Some friends of mine have a small tradition like this. They're members of Toastmasters, like myself, and they celebrate every time one of them gives a speech. Their tradition is to hit up a small frozen custard stand just after the meeting as a way of celebrating. It's a cute little tradition, and while it may just be an excuse to eat frozen custard, it's part of what makes them a strong couple.

They celebrate their triumphs and cheer each other on in their successes. You need your spouse or partner in your corner, and these traditions demonstrate that fact. Call it a celebration or reward, it's another way of marking an important milestone or time of transition. If your spouse got a promotion or a new job, you should have a tradition that marks this occasion, even if it's just a special meal.

Having a tradition that celebrates important milestones also keeps you from getting envious of your partner's success. Remember that this good news doesn't just affect you or your partner, it affects you both, and this is why the both of you should celebrate, because when you are in a relationship, you share the good times. This tradition of celebration reinforces the fact that you aren't just in it for yourself anymore.

Sadly, what goes up must come down.You also need traditions for handling bad news, and there's a very practical reason. When your significant other get bad news, it's hard to figure out what to do right then. How do you comfort him/her? What can you do? Having a go-to tradition will make it much easier, because then you can go on autopilot as you deal with this bad news.

Finally, traditions are for more than just you. If you have a family, your children are part of the traditions, if not the focus for several of them. Traditions are how children learn about their place in the world and in their family. It's how you pass along your values to the next generation.You should have traditions with your children for the major holidays, birthdays, celebrations, even bad news. It gives children a sense of security and stability, plus something to look forward to.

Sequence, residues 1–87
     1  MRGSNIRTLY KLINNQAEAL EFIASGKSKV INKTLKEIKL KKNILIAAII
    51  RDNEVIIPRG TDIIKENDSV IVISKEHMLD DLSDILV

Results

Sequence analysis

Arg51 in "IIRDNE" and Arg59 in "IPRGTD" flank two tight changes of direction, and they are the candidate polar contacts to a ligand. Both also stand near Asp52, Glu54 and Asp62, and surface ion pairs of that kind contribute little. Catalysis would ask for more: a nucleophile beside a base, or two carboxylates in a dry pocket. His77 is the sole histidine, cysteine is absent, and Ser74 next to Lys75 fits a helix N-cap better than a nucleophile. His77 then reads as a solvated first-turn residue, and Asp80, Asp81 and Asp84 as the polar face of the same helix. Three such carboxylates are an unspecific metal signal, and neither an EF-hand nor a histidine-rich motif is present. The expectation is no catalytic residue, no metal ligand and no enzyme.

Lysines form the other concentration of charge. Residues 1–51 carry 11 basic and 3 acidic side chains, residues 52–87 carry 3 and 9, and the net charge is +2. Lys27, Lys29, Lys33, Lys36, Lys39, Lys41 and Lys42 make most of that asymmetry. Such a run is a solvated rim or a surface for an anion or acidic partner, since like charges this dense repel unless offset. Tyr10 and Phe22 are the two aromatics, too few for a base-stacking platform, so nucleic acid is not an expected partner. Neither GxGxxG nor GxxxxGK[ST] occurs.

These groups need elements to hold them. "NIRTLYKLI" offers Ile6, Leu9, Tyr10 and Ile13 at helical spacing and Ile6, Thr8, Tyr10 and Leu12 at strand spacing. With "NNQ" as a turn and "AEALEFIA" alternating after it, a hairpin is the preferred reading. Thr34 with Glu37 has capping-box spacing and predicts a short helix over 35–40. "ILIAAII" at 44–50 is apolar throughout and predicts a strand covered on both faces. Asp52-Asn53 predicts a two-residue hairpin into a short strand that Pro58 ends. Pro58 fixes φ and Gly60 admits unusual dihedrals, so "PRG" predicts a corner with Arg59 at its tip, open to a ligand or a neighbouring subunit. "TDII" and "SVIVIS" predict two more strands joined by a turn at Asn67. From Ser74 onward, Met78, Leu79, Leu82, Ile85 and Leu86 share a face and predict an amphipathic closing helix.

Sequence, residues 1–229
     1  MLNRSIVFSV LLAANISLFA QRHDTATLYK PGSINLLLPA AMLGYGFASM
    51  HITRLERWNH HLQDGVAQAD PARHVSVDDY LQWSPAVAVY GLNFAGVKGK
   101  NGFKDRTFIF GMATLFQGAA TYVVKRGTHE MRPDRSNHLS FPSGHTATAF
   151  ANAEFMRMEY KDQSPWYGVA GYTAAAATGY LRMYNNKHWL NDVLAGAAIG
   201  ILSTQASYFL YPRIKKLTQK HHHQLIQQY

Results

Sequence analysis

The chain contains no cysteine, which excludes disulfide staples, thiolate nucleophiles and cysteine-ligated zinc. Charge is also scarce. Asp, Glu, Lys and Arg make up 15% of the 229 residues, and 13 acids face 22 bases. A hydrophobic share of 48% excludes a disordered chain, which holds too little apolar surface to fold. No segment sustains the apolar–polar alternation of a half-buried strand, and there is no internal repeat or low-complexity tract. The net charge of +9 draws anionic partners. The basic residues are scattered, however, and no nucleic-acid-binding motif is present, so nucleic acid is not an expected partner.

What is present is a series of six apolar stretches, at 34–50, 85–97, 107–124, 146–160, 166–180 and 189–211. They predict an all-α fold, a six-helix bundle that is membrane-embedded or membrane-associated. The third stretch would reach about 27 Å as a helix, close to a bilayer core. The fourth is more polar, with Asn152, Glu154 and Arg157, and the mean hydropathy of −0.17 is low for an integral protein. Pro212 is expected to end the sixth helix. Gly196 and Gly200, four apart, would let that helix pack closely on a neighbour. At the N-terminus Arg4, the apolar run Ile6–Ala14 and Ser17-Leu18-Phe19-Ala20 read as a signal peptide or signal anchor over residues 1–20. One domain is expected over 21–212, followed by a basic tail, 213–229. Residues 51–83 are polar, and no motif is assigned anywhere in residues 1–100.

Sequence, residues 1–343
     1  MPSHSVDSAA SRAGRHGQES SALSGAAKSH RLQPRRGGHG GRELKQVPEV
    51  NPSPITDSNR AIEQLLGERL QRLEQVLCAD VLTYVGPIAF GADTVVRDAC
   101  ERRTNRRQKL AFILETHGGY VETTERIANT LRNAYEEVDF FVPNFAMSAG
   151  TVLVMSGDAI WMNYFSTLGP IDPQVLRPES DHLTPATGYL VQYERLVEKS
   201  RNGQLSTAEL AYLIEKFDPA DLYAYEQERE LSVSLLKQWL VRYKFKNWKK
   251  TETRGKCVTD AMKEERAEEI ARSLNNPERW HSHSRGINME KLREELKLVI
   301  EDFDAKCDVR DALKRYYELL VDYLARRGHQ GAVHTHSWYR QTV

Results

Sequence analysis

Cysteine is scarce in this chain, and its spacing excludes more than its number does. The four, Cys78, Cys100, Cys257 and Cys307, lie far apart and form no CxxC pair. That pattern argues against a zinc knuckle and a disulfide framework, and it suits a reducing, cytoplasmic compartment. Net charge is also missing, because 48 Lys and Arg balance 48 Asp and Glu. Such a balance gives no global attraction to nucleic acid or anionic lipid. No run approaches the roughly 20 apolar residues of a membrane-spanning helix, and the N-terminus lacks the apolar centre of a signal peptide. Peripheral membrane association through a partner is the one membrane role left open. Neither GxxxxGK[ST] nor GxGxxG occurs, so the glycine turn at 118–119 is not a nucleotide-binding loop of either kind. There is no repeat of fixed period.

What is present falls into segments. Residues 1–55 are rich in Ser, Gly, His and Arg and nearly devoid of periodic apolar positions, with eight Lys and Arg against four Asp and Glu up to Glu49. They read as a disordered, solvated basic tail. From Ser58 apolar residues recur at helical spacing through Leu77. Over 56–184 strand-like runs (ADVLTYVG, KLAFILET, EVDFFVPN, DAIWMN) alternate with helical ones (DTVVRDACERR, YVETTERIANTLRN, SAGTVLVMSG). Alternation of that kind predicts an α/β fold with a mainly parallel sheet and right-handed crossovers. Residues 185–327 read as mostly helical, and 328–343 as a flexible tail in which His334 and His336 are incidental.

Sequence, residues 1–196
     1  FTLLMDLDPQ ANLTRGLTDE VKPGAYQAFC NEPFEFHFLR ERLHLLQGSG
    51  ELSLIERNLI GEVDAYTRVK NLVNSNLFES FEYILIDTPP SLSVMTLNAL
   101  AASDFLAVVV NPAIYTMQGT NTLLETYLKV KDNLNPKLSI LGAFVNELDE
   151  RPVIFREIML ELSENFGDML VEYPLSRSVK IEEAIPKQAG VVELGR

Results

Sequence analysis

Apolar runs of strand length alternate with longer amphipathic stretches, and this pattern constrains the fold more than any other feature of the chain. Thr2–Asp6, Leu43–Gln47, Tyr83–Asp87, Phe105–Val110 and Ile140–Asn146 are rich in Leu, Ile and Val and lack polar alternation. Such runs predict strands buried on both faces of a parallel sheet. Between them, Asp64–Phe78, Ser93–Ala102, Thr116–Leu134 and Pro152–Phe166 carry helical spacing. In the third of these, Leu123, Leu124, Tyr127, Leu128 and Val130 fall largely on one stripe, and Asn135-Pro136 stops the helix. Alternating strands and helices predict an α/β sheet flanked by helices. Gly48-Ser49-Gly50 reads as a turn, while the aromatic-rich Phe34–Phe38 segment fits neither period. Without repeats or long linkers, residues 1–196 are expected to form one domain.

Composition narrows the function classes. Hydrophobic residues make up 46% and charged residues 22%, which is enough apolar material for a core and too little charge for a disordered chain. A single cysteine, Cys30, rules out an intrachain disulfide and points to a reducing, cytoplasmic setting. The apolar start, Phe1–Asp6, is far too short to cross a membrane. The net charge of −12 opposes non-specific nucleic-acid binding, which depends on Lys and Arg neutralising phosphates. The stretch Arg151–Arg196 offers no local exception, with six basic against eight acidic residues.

Traditions for your children can also bond the two of you. Sometimes when all your attention is focused on the kids, you can forget about your own relationship. If you plan out these traditions, the two of you can have fun planning and executing the traditions with your children. The clever parents will find ways to use these traditions to get some time to themselves. Perhaps part of the tradition is that the child visits their grandparents or other relative for a few days while the two of you get a much needed break.

I can't state it enough: traditions are important. The two of you need them for any and all occasions, and if you find them lacking, or if you just aren't keeping up with them, then you might have a problem in the relationship. While traditions alone won't make a weak relationship strong, they are a good indicator of the health of the couple.

We are approaching the end of the year, observing many traditional holidays. We have a chance to look back at the past year and look ahead to the next. This next week is prime time for traditions, and if you feel that your holidays are missing something, perhaps you need to develop your landmark traditions. Make it a new year's resolution.

That's it for me this year. Have a very Merry Christmas, Happy New Year, and Happy Holidays. See you in 2012.

Looking for some good holiday reading? You might enjoy the book I wrote.